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January 25, 2017

Skydiving with an Ostomy – The Sky is No Limit

Inner Good has not shied away from the topic of action/extreme activities and adventures when it comes to living with an ostomy. While some resources out there would have you walking on egg shells for the rest of your life, we steer you in a different direction. In fact, a life changing procedure presents all the more reason to live life to the absolute fullest. You’re capable of extraordinary things. Other ostomates are proving this to be true. From climbing the Seven Summits to surfing and snowboarding, you can excel at it all. And yes, that includes skydiving.

 

So go ahead and go beyond the breaking point by flinging yourself out of a perfectly good airplane, ostomy in tow. Just take note of the following tips first.

 

5 Things You Need to do to Prepare for Skydiving with an Ostomy

Skydiving with an Ostomy - The Sky is No Limit

1. Get Clearance from Your Doctor

While we’re all for you taking things to the extreme, we must suggest that you speak with your doctor first. They know your body and what you’ve been through. They know what you are and are not ready for. Of course, some physicians think that anyone jumping out of an airplane is nuts, so you may want to bring along a detailed brochure from your local skydiving school. Outline the safety FAQs for them during your conversation. If they see that you’re insistent upon it, they will let you know when your body has healed and is strong enough. It may be a good idea to tackle item #2 below first, to get your fitness level where it needs to be to make your doc more confident. Keep reading.

 

2. #OstoFit Exercises for Skydiving

Like with most action sports, core fitness is essential. Anyone with a stoma knows that getting core strength back after a procedure is an uphill climb. InnerGood has outlined a fitness regime to help you strengthen your core, and more (view the guide here). That being said, skydiving prep for ostomates should include a few additional exercises that will serve you well when hurling through the air up there (and landing). These include include planks, reverse crunches and roll-ups. This article details exercises (which are ostomate safe) that will help you prepare for your aerial adventure.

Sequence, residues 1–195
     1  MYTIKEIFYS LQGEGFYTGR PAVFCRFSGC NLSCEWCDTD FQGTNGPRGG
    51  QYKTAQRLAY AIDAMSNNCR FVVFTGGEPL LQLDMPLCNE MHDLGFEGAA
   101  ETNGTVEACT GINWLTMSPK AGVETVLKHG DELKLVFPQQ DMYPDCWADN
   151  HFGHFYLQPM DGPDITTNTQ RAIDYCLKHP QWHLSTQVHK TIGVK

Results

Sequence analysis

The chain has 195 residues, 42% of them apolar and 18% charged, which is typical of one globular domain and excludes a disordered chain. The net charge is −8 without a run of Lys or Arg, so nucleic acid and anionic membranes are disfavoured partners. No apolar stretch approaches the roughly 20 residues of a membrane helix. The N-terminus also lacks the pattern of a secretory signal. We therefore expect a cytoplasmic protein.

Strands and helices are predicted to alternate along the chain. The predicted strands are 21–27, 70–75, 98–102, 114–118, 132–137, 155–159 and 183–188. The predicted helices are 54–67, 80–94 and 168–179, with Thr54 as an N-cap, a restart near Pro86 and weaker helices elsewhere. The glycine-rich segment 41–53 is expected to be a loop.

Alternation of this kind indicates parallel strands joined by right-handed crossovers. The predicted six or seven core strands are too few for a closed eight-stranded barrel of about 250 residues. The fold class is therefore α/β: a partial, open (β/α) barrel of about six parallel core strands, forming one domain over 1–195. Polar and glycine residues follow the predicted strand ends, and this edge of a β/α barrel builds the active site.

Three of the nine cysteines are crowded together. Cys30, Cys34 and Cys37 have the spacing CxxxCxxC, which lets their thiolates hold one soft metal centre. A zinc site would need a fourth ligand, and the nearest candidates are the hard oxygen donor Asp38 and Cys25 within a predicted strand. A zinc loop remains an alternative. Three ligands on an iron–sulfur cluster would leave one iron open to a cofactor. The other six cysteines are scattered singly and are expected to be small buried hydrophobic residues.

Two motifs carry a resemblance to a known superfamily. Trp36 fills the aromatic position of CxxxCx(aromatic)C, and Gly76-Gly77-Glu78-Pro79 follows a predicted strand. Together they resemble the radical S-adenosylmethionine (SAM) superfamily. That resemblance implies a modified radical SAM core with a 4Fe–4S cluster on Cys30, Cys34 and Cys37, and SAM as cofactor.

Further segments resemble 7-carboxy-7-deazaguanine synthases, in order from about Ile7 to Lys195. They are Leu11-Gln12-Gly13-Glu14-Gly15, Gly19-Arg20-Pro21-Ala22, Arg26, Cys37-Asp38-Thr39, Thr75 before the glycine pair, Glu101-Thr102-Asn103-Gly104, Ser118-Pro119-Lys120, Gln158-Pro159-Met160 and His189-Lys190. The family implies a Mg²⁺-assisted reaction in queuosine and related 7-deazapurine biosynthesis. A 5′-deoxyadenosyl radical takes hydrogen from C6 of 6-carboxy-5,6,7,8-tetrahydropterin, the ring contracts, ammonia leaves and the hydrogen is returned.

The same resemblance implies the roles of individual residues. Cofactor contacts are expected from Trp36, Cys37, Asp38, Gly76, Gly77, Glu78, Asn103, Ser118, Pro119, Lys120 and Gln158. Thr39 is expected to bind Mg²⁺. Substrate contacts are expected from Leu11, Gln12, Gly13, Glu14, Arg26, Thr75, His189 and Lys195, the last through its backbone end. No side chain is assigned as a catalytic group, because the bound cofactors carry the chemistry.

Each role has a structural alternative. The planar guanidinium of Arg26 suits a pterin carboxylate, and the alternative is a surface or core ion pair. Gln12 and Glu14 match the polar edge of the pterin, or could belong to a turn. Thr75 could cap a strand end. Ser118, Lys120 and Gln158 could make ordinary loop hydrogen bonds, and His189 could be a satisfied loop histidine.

3. Watch What You Eat Leading Up to the Day

You will want to monitor your eating 24 hours before your big jump. For starters, make sure you’re comfortable on the day of the dive by avoiding less digestible foods (which pose a risk of ostomy blockage) such as corn, mushrooms, nuts, raw fruits and vegetables. This blockage can cause cramping and abdominal pain near the stoma. You don’t want that to kick in minutes before your jump.

Also stay away from foods that will produce gas. While this is important when jumping tandem (save your instructor or tandem partner from odors) there is a bigger reason to keep gas at bay. Keep reading.

 

4. Altitude, Specific Volume Correction, and Your Pouch

There’s some science behind this. If you want to learn more about altitude, density, and specific volume, refer to this. Want the cliff notes? It’s simple. Air expands at a high altitude. Thus, your ostomy pouch will expand. If you don’t prepare, you could arrive on land to a bit of a mess. If you prepare, you’ll be fine. This preparation includes cutting out the consumption of gas-producing foods (as per item #3 above) 24 hours before your jump. In addition, empty/drain your ostomy bag just before boarding the plane, giving it a bit of a “burp” to ensure there is no gas build-up. Follow those instructions, and you’ll be fine.

 

5. Positioning Your Ostomy Pouch

You’re going to have some sort of protective skydiving suit on (especially when you’re new to it). Any adjustments you need to make to your ostomy pouch support system (bag, belt, and stoma guard) should be made before putting it on. Make sure that the bottom of the pouch is not tucked under the chute pack leg strap. If it is, a high speed deployment and the shock of the chute opening may pull your bag right off. Not cool. If your instructor is strapping on your gear, let them know well in advance about your “condition” and where you system is located on your physique. They will suit you up safely around your personal gear.

That’s all you need to know, aside from the whole learning to skydive in general thing. Have you skydived? We’d love to hear about your own experience along with any insight that you can share with your fellow ostomates. Leave a comment below.

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